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Marine Complements was Re: Mount Vernon - British Rev War Reenactors needed

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  • Ed Seufert
    ... the ... Chris, Sorry to take so long to get back to you but it appears as if there was no reduction in force for the Marines between 1763, when they were
    Message 1 of 20 , Feb 1, 2008
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      --- In Revlist@yahoogroups.com, "Christopher (Chris) Woolf"
      <ccwoolf@...> wrote:
      >
      > That's great, Ed. Thanks.
      >
      > One more question... I just read that parliament voted to REDUCE
      the
      > Navy by about 10% in December 1774. So does the 4287 for 1775
      > represent that reduction? Or, put another away, what was the
      > establishment in 1772-74?
      >
      > Just out of interest, was recruiting for the Marine service any
      > easier than recruiting for the Army during the RevWar?
      >
      > Thanks for being so patient with me.
      > Best
      > Chris
      >

      Chris,

      Sorry to take so long to get back to you but it appears as if there
      was no reduction in force for the Marines between 1763, when they
      were reduced to 70 Companies and 4287 Marines, and 1775. Both
      histories bear this out.

      Jim's email helped explain the difficulties of recruiting and the
      officer's position. Nicholas' history has an appendix containing 10-
      12 Memorials seeking redress for the officers. To add insult, the
      Admiralty in 1763 appointed 3 Colonels of Marines who happened to be
      Naval Officers and not from the Marine officer ranks. Talk about
      discontent: what a way to tell your officers, they will never rise
      above Lt-Col! These "Colonels" would become honorary positions,
      however, the practice continued well into the Napoleonic/1812 era.
      Admiral Cockburn of Chesapeake/Washington fame was a Colonel of
      Marines.

      Some of the soldiers who did serve as marines were recruited into
      the service. The marine service competed for recruits in the same
      places the army did as well amongst the militia. Filling the ranks
      of the Royal Marines during the Napoleonic Wars was just as
      difficult, with many foreigners taken into the service. Supposedly,
      one ship's RM complemement was made up mostly of Poles!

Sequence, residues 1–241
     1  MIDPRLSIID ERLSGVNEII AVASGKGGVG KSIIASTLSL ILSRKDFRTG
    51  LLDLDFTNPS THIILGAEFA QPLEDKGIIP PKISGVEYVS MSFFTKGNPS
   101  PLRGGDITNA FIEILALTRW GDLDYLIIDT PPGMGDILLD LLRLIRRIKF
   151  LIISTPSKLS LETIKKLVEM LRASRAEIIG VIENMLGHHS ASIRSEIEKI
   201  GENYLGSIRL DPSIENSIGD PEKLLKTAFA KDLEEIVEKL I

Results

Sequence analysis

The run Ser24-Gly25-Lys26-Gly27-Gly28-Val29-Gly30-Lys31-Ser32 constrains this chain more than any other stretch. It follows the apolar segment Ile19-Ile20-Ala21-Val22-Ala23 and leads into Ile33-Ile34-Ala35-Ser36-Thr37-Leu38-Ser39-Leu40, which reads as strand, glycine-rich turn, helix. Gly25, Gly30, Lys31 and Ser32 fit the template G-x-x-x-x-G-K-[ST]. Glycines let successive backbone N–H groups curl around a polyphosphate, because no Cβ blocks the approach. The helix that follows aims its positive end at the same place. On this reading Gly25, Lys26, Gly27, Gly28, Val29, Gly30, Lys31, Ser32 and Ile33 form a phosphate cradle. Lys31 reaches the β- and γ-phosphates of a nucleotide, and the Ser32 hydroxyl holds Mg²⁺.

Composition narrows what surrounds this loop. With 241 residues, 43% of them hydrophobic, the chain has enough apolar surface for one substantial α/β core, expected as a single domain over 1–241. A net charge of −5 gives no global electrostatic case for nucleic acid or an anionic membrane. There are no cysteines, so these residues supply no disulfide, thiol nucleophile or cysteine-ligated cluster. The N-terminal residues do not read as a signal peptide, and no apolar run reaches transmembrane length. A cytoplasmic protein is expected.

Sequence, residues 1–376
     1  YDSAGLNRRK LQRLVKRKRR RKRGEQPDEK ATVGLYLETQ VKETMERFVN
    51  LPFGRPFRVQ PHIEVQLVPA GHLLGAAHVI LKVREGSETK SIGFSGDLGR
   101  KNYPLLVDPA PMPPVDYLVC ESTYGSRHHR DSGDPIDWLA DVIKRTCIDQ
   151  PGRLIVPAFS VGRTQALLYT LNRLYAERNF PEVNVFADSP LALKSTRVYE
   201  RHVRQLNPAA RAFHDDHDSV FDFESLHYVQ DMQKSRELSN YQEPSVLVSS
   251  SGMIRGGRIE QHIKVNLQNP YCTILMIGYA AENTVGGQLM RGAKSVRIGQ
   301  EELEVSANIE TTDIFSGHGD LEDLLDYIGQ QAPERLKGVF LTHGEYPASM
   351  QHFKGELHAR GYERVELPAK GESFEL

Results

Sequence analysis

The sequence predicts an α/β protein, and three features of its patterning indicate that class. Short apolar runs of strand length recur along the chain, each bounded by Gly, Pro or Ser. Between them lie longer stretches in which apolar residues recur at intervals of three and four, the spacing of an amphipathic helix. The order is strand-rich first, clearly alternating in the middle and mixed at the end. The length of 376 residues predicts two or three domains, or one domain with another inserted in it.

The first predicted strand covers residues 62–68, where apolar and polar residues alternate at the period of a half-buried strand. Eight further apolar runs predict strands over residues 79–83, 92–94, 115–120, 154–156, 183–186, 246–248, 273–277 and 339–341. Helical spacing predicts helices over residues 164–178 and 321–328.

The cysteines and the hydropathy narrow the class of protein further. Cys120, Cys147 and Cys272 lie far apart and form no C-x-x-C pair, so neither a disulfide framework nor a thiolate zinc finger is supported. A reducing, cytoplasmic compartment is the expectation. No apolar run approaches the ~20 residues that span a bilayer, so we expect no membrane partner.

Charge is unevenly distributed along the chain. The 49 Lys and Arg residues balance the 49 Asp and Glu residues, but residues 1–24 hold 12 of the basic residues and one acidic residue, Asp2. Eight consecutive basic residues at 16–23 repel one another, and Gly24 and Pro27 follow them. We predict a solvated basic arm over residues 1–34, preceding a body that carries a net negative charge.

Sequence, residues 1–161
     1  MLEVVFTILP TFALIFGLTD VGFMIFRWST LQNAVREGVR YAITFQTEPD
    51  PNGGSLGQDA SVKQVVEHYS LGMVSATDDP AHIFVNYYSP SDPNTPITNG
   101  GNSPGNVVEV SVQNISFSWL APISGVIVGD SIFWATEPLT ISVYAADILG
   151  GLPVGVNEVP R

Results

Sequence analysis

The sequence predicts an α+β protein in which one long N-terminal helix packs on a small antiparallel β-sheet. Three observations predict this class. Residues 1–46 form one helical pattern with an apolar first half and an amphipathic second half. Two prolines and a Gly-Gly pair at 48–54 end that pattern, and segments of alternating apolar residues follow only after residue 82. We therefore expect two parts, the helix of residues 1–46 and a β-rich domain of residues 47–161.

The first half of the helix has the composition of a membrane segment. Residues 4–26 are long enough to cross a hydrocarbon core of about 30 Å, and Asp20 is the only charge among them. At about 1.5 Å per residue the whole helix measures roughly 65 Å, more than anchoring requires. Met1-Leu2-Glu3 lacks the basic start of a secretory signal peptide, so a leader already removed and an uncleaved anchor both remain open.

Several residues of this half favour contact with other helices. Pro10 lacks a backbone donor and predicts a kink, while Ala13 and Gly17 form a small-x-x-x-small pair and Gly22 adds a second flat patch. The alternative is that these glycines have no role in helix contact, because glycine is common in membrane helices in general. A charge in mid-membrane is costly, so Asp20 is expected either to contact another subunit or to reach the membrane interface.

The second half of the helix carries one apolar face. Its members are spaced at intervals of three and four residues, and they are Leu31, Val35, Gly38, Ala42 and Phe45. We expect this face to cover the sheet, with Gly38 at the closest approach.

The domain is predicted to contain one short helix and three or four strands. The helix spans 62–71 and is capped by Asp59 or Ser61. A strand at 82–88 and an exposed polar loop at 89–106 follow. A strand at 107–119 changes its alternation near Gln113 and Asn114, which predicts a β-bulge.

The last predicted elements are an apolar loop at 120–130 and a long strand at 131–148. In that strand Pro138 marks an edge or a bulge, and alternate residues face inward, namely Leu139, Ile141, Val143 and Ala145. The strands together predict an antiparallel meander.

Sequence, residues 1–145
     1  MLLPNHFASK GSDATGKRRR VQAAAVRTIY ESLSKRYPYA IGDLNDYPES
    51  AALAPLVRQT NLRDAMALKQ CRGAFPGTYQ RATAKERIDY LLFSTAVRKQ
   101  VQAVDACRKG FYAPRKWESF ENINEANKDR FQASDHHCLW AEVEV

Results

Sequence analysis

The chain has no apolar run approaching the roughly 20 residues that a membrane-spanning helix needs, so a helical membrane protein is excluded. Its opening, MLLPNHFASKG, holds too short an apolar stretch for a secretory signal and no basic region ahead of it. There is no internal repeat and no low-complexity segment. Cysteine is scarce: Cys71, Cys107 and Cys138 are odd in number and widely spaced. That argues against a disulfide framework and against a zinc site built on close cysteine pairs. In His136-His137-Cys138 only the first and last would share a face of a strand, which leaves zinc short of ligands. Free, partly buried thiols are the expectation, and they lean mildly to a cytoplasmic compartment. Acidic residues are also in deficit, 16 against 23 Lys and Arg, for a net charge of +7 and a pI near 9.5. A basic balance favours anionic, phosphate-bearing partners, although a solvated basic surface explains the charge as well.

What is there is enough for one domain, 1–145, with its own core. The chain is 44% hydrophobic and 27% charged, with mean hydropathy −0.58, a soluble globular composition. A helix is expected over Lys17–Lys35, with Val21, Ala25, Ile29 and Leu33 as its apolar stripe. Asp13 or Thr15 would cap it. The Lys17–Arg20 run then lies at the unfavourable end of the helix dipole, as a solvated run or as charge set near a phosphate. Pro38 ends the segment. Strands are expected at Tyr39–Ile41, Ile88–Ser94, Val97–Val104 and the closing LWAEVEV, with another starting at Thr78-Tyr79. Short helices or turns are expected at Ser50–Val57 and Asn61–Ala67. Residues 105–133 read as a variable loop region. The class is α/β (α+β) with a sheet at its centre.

Hope this helps.

      Cheers,

      Ed Seufert
      Battery W, RA
      1812 Royal Marines
    • Christopher (Chris) Woolf
      Ed, Jim, Thanks. Much obliged for all the data. Best Chris W. ... 10- ... be ... Supposedly,
      Message 2 of 20 , Feb 2, 2008
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        Ed, Jim,

        Thanks. Much obliged for all the data.

        Best
        Chris W.



        --- In Revlist@yahoogroups.com, "Ed Seufert" <LCpl_RM@...> wrote:
        >
        > --- In Revlist@yahoogroups.com, "Christopher (Chris) Woolf"
        > <ccwoolf@> wrote:
        > >
        > > That's great, Ed. Thanks.
        > >
        > > One more question... I just read that parliament voted to REDUCE
        > the
        > > Navy by about 10% in December 1774. So does the 4287 for 1775
        > > represent that reduction? Or, put another away, what was the
        > > establishment in 1772-74?
        > >
        > > Best
        > > Chris
        > >
        >
        > Chris,
        >
        > Sorry to take so long to get back to you but it appears as if there
        > was no reduction in force for the Marines between 1763, when they
        > were reduced to 70 Companies and 4287 Marines, and 1775. Both
        > histories bear this out.
        >
        > Jim's email helped explain the difficulties of recruiting and the
        > officer's position. Nicholas' history has an appendix containing
        10-
        > 12 Memorials seeking redress for the officers. To add insult, the
        > Admiralty in 1763 appointed 3 Colonels of Marines who happened to
        be
        > Naval Officers and not from the Marine officer ranks. Talk about
        > discontent: what a way to tell your officers, they will never rise
        > above Lt-Col! These "Colonels" would become honorary positions,
        > however, the practice continued well into the Napoleonic/1812 era.
        > Admiral Cockburn of Chesapeake/Washington fame was a Colonel of
        > Marines.
        >
        > Some of the soldiers who did serve as marines were recruited into
        > the service. The marine service competed for recruits in the same
        > places the army did as well amongst the militia. Filling the ranks
        > of the Royal Marines during the Napoleonic Wars was just as
        > difficult, with many foreigners taken into the service.
        Supposedly,
        > one ship's RM complemement was made up mostly of Poles!
        >
        > Hope this helps.
        >
        > Cheers,
        >
        > Ed Seufert
        > Battery W, RA
        > 1812 Royal Marines
        >
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